How to Manage Pests
UC Pest Management Guidelines
Western Flower Thrips
Scientific Name: Frankliniella occidentalis
(Reviewed 11/09, updated 11/09, pesticides updated 9/15)
In this Guideline:
Description of the Pest
Western flower thrips adults are minute insects, about 0.03 inch long, with two pairs of fringed wings. The adult has three color forms that vary in abundance depending on the time of year. There is a pale form that is white and yellow, except for slight brown spots or blemishes on the top of the abdomen; an intermediate color form with an orange thorax and brown abdomen; and a dark form that is dark brown. The intermediate form is present throughout the year, but in spring the dark form predominates while the pale form is most abundant at other times throughout the year.
First-instar nymphs are opaque or light yellow, turning to golden yellow after the first molt. The nymphal stage lasts from 5 to 20 days.
At bloom, adult thrips insert eggs just under the surface of the developing fruit, causing fruit depressions or dimples as the fruit grows; a faint pansy spot may occasionally be visible around the puncture mark on green fruit but fortunately disappears as the fruit colors. Fruit is downgraded only if the egg-laying scars are numerous. Closer to harvest, high populations of thrips have been associated with the appearance of a silvery "halo" spot on mature fruit, particularly where fruit touch. Late-season damage is more common in Northwest growing areas than in California. In general, thrips damage is not common in California cherry orchards but has been seen in years when populations are exceptionally high during critical periods.
Western flower thrips occasionally develop to high population levels in cherry. They overwinter as adults in weeds, grasses, alfalfa, and other hosts, either in the orchard floor or nearby. In early spring, if overwintering sites are disturbed or dry up, thrips migrate to flowering trees and plants on the orchard floor.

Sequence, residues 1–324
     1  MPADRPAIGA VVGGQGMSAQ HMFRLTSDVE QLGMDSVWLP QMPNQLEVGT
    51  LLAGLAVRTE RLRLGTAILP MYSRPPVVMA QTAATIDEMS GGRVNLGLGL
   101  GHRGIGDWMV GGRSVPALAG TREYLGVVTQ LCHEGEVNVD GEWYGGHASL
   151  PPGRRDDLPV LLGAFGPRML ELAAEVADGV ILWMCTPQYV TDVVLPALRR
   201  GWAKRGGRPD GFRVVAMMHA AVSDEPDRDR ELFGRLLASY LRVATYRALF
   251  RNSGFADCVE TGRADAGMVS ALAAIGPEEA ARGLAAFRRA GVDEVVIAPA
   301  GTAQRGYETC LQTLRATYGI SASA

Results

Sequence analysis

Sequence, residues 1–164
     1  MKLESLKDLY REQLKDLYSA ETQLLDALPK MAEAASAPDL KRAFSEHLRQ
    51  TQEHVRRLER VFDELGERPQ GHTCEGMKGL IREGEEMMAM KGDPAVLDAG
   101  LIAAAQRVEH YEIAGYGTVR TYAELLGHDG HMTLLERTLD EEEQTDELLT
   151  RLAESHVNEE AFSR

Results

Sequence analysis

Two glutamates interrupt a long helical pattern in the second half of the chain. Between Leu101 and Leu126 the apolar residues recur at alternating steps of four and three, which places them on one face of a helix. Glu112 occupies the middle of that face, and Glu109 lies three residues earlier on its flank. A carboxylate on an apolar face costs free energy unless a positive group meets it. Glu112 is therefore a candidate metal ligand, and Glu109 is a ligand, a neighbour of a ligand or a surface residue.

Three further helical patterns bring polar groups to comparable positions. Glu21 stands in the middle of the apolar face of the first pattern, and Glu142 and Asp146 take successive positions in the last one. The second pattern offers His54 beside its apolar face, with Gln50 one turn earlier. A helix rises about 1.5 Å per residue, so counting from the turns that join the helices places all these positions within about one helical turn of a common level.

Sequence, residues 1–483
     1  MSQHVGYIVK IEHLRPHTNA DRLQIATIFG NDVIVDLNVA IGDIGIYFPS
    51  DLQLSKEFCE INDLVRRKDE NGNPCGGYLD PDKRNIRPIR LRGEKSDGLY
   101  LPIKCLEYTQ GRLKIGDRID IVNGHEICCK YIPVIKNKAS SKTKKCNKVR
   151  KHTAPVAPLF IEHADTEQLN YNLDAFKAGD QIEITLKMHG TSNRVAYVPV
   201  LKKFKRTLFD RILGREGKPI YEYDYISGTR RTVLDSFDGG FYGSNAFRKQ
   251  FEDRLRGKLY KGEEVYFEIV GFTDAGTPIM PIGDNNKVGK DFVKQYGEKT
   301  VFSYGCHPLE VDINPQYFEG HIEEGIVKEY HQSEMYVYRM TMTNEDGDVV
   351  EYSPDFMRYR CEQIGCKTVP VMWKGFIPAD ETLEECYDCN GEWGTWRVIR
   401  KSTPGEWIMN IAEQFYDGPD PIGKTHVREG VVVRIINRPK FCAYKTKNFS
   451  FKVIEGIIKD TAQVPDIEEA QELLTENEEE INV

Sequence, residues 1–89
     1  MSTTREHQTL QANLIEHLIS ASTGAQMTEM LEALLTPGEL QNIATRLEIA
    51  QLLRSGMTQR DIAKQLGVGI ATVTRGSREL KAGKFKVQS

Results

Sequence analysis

Thrips are attracted to blossoms on trees as well as weeds blooming on the orchard floor. To prevent driving thrips into the trees, do not mow or disc the orchard vegetation when trees are in bloom. Open, weedy land adjacent to orchards should be disced as early as possible to prevent thrips development and migration of adults into orchards.
Organically Acceptable Methods
Cultural controls, clean cultivation, and sprays of the Entrust formulation of spinosad are organically acceptable tools.
Monitoring and Treatment Decisions
Begin monitoring thrips as individual blocks begin to bloom (see MONITORING PESTS AT BLOOM). In nectarines and peaches, thrips are monitored by slapping a shoot with five to ten blossoms against a yellow card or beating tray. A minimum of 50 trees per orchard should be checked for adults. In warm springs, adults may migrate in and out of a block. As thrips damage is uncommon in cherries, economic thresholds have not been established.
Continue to monitor orchards for thrips until fruit coloring. If fruit starts showing damage, a treatment may be necessary.
UC IPM Pest Management Guidelines: Cherry
Insects and Mites
J. A. Grant, UC Cooperative Extension, San Joaquin County
Acknowledgment for contributions to Insects and Mites:J. Colyn, Mid-Valley Ag. Services
M. Devencenzi, Devencenzi Ag. Pest Mgmt. and Research
P. McKenzie, Mid-Valley Ag. Services